What has been happening all this time in the mind of the patient? We will assume that she knew at the beginning that her pains were fictitious; what course is now open to her if she wishes to end the deceit when her friends, by their pardonable credulity, have allowed themselves to be deceived and her troubles have been accepted by the doctor as real? Her pride or self-respect prevents open confession, and in her ignorance of the course of the supposed disease she thinks an unexpected recovery will reveal the fraud. Here are the materials for another mental conflict, and her alternatives are:–
1. To solve the conflict by confession or recovery, and I have shown the difficulties of this course.
2. To build a logic-tight compartment; to say, for example, ‘They have never given me a chance, and now I am quite right in imposing upon them as long as I can.’ But her feelings concerning right and wrong are probably too strong to maintain this attitude indefinitely.
3. To repress the consciousness of deceit and maintain her symptoms as the price of her peace of mind.
This last course is followed, and the patient is now a Dissociate. In the dissociated stream are:–
1. The original desires which led to the manifestation of disease–the desire for sympathy, the desire to have her own way, the ‘Will to Power.’
2. The knowledge of deceit.
3. The mechanism for maintaining the symptoms–the pains, the paralysis or contracture.
This stream is now independent of the main personality and out of its control; as far as the patient knows her pains are real, her deformity is a disease, and whoever doubts it is not only ignorant but cruel. We can now understand the capriciousness of the hysteric, her moods and contrary ways. On the one side is a mind with ordinary motives, and on the other is the split-off portion containing the complexes catalogued above. If the reader thinks this conception brings us back to the old one of demoniacal possession I will admit that the only difference lies in the definition of the demon.
The description of this imagined case will perhaps be acceptable to those who believe in the connection between hysteria and malingering. This connection I at one time emphasised, and I still believe that in some cases the repression of a knowledge of deceit plays an important part in the development of the disease. But motives are derived more or less from the unconscious, and when the unconscious elements predominate we approach the condition in which there has never existed any consciousness of deceit. The case of the soldier with an obsession to attack his companion does not admit of the hypothesis of a stage in which the symptom was due to a conscious desire to any end: but his repression might have shown itself, let us suppose, in a paralysis of his legs as a symbol of exhaustion or terror. Then we should have a hysteria in which there had never been any deceit complex, though in the absence of knowledge of the workings of the patient’s mind a firm believer in the ‘Will to Power’ theory might attribute the origin of the condition to a definite desire to escape the strain of war.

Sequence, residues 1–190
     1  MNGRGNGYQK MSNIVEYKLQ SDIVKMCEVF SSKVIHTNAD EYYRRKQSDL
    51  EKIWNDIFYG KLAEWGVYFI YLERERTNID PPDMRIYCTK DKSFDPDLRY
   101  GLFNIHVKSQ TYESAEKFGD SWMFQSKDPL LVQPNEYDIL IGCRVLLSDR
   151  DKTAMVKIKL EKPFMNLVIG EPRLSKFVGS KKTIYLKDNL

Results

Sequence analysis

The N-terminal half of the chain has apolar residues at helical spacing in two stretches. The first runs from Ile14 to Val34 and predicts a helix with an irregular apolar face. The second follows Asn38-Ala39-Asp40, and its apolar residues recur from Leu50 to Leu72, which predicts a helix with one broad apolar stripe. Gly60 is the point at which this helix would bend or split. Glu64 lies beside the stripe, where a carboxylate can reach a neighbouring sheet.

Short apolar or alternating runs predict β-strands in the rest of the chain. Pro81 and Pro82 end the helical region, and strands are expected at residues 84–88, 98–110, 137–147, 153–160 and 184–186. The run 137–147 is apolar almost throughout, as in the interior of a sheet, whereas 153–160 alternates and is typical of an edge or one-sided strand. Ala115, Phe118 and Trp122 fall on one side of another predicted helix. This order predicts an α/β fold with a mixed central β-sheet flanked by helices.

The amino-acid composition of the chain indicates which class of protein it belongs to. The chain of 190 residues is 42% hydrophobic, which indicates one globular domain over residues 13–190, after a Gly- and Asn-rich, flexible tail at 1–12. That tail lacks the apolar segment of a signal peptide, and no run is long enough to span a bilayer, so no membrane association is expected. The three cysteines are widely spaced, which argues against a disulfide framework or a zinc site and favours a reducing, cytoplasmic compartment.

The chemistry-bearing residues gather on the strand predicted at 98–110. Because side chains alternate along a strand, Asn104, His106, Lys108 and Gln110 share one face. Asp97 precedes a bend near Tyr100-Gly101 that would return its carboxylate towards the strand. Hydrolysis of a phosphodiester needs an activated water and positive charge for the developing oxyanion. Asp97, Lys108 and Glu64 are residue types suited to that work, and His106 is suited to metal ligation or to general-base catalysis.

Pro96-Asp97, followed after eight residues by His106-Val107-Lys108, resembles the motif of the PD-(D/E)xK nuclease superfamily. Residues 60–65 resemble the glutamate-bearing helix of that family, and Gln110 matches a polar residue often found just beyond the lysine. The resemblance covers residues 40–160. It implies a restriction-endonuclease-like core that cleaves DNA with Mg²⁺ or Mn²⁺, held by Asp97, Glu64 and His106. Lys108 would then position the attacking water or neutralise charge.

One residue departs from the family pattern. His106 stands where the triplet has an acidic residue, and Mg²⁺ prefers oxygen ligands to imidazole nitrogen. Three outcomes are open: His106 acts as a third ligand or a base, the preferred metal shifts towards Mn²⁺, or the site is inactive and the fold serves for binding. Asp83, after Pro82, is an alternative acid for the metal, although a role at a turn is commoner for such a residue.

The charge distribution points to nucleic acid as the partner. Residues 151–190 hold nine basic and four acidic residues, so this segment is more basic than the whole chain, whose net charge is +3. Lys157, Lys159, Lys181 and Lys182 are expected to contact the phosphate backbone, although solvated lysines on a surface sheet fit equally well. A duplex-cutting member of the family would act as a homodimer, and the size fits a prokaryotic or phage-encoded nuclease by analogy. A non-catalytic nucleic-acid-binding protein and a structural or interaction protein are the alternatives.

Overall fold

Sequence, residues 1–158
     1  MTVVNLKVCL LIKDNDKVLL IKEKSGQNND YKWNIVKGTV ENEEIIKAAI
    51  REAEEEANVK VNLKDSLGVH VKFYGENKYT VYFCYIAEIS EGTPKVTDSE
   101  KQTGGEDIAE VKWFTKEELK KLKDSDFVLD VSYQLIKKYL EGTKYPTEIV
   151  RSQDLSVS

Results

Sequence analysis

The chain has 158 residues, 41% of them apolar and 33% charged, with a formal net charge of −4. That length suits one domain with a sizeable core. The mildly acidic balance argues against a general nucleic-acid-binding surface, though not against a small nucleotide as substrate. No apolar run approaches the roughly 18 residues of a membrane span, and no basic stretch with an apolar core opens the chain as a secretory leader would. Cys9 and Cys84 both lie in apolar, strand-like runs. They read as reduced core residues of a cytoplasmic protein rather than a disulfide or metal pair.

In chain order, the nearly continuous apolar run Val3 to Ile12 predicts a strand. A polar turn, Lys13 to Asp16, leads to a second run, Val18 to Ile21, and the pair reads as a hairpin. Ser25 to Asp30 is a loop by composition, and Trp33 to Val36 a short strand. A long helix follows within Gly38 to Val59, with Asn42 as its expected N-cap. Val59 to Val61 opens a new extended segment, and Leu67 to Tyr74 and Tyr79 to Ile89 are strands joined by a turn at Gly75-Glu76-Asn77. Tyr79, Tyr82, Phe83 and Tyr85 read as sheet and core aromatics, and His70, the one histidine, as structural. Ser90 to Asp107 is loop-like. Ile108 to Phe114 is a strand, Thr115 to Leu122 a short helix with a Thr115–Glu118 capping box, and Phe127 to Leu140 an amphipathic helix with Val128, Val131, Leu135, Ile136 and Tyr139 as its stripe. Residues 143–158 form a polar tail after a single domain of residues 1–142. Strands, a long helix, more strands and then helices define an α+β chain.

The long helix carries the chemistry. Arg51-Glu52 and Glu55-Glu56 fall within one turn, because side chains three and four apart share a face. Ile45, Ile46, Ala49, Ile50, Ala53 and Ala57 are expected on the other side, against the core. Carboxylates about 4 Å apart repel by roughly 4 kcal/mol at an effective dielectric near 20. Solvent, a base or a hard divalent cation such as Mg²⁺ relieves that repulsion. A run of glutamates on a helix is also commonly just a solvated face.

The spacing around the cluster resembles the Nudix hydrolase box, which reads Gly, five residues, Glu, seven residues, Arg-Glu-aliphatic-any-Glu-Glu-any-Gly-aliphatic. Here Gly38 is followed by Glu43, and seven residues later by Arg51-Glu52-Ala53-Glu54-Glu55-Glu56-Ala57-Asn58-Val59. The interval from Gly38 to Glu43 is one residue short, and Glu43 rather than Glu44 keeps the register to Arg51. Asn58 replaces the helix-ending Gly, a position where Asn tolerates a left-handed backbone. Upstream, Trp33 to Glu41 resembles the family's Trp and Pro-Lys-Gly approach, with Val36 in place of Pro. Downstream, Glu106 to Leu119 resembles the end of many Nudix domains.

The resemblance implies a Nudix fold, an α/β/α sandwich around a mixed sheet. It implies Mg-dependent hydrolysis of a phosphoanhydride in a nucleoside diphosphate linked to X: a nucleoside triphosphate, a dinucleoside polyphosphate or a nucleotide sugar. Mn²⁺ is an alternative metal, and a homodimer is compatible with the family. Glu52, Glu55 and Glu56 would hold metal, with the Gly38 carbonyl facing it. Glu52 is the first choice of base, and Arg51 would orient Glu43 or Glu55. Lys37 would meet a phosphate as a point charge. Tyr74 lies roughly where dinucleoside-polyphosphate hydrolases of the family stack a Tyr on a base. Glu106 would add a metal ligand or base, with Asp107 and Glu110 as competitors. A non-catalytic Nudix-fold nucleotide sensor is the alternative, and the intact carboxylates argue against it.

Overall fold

I can now state that some of the results of conflict between desire and reality form a graduated series, beginning at cases of conscious simulation, then passing on to those of hysteria with repression of the knowledge of deceit, and ending with cases where deceit has never existed; but no one theory explains satisfactorily the origin of all cases of hysteria.
It is difficult to understand those cases in which the hysteric inflicts injuries upon him or herself; the individual who thrusts needles into his body and comes to hospital again and again to have them removed is a curious but not very uncommon object. An ophthalmic surgeon of my acquaintance had a patient who placed irritants under the lid of one eye till the sight was lost and the organ was removed, and the process was begun on the remaining eye before the trick was discovered. Such things occur in the history of malingering, and what the consciousness can do the dissociated stream is equally capable of doing: the only difficulty is the very practical one of believing that the patient can carry out the necessary action without being fully aware of what is happening, unless we assume an abrupt dissociation with the main personality temporarily abolished.